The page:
Whim and Weltschmerz
Time, November 15, 1968


by Peter De Vries.
303 pages. Little, Brown. $5.95.

"IF THERE'S ANYTHING I HATE," the comic novelist Peter De Vries once observed, "it's that word humorist. I feel like countering with the word seriousist."

Over the years, he has countered with a great deal more. At 58, 14 years and nine books out of The Tunnel of Love, De Vries has grown slightly less punnish than he used to be, more dedicated to finding a way through the punishing side of American life. Age and personal tragedy have brought him to view the world as a cruel farce, redeemable, if at all, only through men's small devices for kindliness.

His newest book combines a long short novel with an extended short story. This is an experiment at contrapuntal fiction, for the two tales are linked in a number of ways, including the presence in both of a common character—a slightly rumpled female named Tillie Seltzer. Taken together, they are outwardly frivolous, ultimately marked by an unsettling blend of anguish and resignation.

Downward Mobility. Literary historians will no doubt observe that in Hank Tattersall, the anti-hero of Pajamas, the author has summoned up a kind of upside-down Faust, an itchy, gifted, compulsively discontented man who can do anything, but is damned if he does or he doesn't. Simpler souls may be content with noting that Tattersall has a vested interest in failure. And so does De Vries, for Hank's hegira through a series of professions allows the author to lampoon various American scenes and sideshows, sometimes with Swiftian savagery.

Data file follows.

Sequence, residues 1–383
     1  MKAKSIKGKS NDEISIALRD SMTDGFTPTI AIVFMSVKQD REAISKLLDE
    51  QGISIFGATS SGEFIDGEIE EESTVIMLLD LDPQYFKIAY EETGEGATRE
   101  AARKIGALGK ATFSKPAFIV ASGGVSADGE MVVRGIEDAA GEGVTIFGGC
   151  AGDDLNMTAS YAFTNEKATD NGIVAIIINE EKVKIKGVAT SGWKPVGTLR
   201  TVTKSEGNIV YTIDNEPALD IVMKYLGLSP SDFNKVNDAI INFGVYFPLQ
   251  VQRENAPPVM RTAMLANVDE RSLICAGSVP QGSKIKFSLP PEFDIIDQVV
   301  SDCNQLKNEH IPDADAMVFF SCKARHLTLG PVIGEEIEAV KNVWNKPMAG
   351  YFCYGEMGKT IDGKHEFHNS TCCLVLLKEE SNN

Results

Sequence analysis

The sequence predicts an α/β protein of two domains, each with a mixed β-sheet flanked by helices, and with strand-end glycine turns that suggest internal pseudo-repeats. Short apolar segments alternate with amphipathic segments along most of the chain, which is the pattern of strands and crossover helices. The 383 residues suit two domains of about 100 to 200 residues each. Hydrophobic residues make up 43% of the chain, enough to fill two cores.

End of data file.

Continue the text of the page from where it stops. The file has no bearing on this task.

In any case, starting as a happily married, witty college professor, Tattersall explores the U.S. penchant for nerve-racking upward mobility by trying it in reverse. In an excess of whim and Weltschmerz, he runs through a job in advertising ("I stink, therefore I am"), a stint as a successful TV singer, and on down through door-to-door salesman, street peddler, gardener, handyman and tramp. He winds up living in a run-down tenement, selling canned "fresh air" door to door to help take care of a mumbling mongoloid boy and a drunken mongrel basset hound. One night he gets his head caught in a dog door that he humanely installed for his basset— and casually freezes to death.

End Products. By comparison, Tillie's life has hardly any fizz at all. Serious, well-trained in sociology, she meets a gimp-legged skirt-chaser and hopeless vulgarian named Pete Seltzer. His public wit runs to doubletalk and the invention of nonsense "end" products: after-shaving mints, dietetic shampoo, reversible mayonnaise. "He thinks Cameroons are some kind of cookie," she reflects bitterly. But they marry anyhow and live together until their nine-year-old son dies of lingering leukemia.

According to taste, Tillie's matrimonial ordeal in Witch's Milk will seem touching, crazily unconvincing, or hopelessly sentimental. But read back to back with The Cat's Pajamas, it removes all doubt about De Vries' allegiance to domestic commitment, however grotesque. In Hank Tattersall's swinging world, everything is possible, therefore nothing is binding. Like Pete Seltzer, Hank, too, talks about outrageous products. But he does so only in ironic mockery of himself and the commercial world. By contrast, Seltzer's crazy products are mainly dreamed up as a kind of cheerful game to be played with his dying son, and so become part of the sacred conspiracy of the living to make life seem less of a grim joke.

Tillie appears only at the tag end of Pajamas, as a social worker checking on Tattersall. Confronted with the dipsomaniacal dog, a house full of rotting food and stacked dishes, and the mongoloid boy mumbling at the sink, she gets off one of those deadpan lines in which De Vries reveals the madness of the rational world—the thundering irrelevance of good liberal intentions about to founder in a sea of chaos.

"Do you think," she asks Tattersall severely, "this is a good environment for an idiot?"